Living in L.A.: Taking in the brighter stars
Unemployed person’s log, star date 09022014.0930
My temporary lodging is conveniently located near just about everything a person needs in L.A.
Let me clarify that, everything a person who loves to check out museums and take a walk in the park needs.
Since I’m still somewhat in vacation mode, I start the day with a drive up to the Griffith Observatory (four and a half stars, 1,585 reviews).
This is one of my favorite views of Los Angeles. It’s probably one of the most photographed vantage points, so even if you haven’t been here, you’ve seen the view.
It is also another touristy spot for taking in the Hollywood sign. (There are far better places to get pictures of the iconic sign, but that’s another story.)
The historic observatory was birthed in the mind of Griffith J. Griffith (seriously, that’s his name) in 1912. He gave the city a boat-load of money to build it and then gave it to them to run. Basically, here L.A. have some cake, and eat it too, and don’t forget the whipped cream. And later the city received a giant cherry on top as a huge portion of his family’s original land grant, today’s Griffith Park (four and half stars, 399).
Sadly, GJG died in 1919 before the observatory could be built. It was finally finished in 1930. (L.A. is not known for being quick with construction.)
The observatory sits on top of the Hollywood Hills like a white crown. You can’t miss it. I guess you could mistake it for a mosque with its domes, but you can’t miss it.
There are many things that make the Griffith Observatory cool: the view, the science/space exhibits, the statue of James Dean, and, the price: it’s free.
That’s right, F-R-E-E, free. There is a movie that costs to see, but 99.9 percent of this amazing place is – say it with me – free.
As I walked around the massive grounds, I tried to remember the last time I had been inside the building. On previous visits as an adult, I’d taken in the grounds many times with friends. However, not too many of my friends like to go in museums and even fewer are on unemployed vacation like me, so finding a travel buddy on a random Tuesday afternoon was out of the question.
Thankfully, as an adopted only child I have enjoyed my company all my life.
Once I stepped inside the building and saw the murals on the ceiling and the giant pendulum, childhood memories came flooding back. I’m 8 again and hold my breath as the giant orb swings back and forth, knocking over pegs. As a kid I really didn’t understand what a Foucault pendulum was or why I should care – still don’t really know now – but it was, and is, still a sight to behold.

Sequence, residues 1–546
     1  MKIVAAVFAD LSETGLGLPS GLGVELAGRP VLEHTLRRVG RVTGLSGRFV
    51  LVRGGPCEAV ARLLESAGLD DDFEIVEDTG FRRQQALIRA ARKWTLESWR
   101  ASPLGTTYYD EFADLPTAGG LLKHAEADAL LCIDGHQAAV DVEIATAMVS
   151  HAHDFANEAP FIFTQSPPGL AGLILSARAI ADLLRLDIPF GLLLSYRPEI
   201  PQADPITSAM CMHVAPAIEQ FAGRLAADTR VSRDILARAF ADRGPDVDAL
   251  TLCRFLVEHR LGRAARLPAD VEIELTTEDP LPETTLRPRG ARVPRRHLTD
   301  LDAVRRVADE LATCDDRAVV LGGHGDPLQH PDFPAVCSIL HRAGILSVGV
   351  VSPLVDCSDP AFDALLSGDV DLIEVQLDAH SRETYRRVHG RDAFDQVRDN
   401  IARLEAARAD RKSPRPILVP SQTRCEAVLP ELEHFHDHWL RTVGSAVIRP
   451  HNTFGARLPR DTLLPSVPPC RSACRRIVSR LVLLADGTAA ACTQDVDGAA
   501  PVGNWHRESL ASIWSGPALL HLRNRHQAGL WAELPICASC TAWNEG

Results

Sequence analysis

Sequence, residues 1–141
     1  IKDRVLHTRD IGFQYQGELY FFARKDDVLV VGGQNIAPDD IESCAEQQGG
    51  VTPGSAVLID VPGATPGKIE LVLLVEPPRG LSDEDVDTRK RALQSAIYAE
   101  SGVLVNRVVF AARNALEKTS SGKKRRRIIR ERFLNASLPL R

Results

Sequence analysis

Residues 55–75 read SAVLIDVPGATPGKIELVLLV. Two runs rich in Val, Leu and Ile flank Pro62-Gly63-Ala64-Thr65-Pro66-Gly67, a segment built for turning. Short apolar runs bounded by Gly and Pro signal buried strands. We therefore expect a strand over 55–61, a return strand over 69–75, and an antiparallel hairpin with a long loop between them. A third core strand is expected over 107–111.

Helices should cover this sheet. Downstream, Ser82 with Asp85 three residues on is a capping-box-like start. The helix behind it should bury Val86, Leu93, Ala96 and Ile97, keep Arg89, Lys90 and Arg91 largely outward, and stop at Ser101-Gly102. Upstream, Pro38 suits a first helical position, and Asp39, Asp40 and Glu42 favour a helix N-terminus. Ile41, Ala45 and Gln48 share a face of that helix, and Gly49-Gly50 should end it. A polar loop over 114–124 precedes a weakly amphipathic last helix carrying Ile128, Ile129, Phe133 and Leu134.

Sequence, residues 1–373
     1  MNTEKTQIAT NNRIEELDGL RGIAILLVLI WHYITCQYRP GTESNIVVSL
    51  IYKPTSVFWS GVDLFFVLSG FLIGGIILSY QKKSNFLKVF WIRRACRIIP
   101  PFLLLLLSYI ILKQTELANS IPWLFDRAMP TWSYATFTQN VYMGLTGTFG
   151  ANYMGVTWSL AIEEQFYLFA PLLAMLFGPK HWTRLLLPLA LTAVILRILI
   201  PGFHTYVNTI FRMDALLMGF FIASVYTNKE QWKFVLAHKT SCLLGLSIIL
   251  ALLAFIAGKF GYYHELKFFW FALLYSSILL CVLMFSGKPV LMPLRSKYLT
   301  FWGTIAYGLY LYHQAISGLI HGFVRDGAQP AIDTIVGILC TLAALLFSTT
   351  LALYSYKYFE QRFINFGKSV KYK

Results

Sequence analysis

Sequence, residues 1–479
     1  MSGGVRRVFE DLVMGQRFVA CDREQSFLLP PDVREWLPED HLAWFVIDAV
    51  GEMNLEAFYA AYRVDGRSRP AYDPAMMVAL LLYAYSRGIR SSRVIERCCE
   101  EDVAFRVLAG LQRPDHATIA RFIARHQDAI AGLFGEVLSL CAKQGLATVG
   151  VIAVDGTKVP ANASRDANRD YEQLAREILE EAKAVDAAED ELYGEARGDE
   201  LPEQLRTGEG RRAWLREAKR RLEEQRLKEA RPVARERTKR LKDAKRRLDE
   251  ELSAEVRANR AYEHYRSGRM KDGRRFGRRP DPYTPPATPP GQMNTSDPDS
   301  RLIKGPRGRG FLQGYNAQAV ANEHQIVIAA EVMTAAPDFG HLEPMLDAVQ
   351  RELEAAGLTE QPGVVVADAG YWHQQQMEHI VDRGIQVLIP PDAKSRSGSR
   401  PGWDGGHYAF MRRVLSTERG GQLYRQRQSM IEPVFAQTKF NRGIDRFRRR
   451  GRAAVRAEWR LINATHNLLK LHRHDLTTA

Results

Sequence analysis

The building can get a bit crowded – remember it’s free – but I was able to weave in and out of the people to take in the exhibits I wanted to view. (An added benefit of traveling alone.)
I wound my way down to the lower level, to the Gunther Depths of Space exhibit. I had no recollection of this, so I’m safely going to say it was put together after 1977.
If you have even a microbe of science geek in your DNA, this display will make you all tingly. There are giant planets hanging from the ceiling, there are star charts (check out what the Big Dipper would look like from a different vantage point), there are interactive displays and more.
One of the interactive components I came across by accident. I was reading all about Jupiter and its spot when I stepped sideways to read another factoid and felt the floor jiggle. At first I thought it was a tiny earthquake, but then realized my other foot was not moving.
I had stepped on a scale that was perfectly placed and matched all the floor tiles. The scale read out was discreetly displayed are waist level. (Which is really great because things be heavy on Jupiter.) Mars was nice to me (thinking of moving there) and so was Pluto, but with the whole planet-not-a-planet deal, I’m not sure it counts. The closest place with the best weight reduction is the moon.
The journalist in me is begging the lazy me to make this a balanced report. So here’s some not-so-good things about the observatory. It keeps really weird hours. It’s open six days a week from noon to 10 p.m. Tuesday through Friday and 10 a.m. to 10 p.m. Saturday and Sunday. Luckily there are things to see on the grounds if you arrive before noon.
The biggest hassle is parking. However, I benefit from a parking angel and am able to find spots usually within five to 10 minutes.
The most biggest hassle is trying to get there when there is an actual astronomical phenomenon because it brings out astronomic amounts of people, forcing officials to shut down the upper parking lot and making people hike up from points beyond.
But for those with time in the afternoon, it’s all yours for free.